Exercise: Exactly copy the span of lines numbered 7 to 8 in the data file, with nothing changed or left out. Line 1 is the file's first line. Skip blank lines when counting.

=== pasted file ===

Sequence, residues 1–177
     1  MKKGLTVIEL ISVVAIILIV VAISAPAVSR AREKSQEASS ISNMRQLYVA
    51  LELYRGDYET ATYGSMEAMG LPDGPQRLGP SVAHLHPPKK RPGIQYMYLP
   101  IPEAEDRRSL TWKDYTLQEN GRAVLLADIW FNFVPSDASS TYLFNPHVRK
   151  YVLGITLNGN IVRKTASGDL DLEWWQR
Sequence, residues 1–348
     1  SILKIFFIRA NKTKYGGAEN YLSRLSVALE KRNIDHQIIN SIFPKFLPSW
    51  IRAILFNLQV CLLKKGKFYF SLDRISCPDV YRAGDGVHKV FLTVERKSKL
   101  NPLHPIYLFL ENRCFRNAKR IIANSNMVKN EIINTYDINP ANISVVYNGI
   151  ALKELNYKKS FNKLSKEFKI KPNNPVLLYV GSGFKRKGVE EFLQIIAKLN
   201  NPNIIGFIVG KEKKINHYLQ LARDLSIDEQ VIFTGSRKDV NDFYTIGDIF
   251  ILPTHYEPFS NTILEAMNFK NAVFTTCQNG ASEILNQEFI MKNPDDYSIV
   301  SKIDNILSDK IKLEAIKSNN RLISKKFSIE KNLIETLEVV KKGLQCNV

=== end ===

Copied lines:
     1  SILKIFFIRA NKTKYGGAEN YLSRLSVALE KRNIDHQIIN SIFPKFLPSW
    51  IRAILFNLQV CLLKKGKFYF SLDRISCPDV YRAGDGVHKV FLTVERKSKL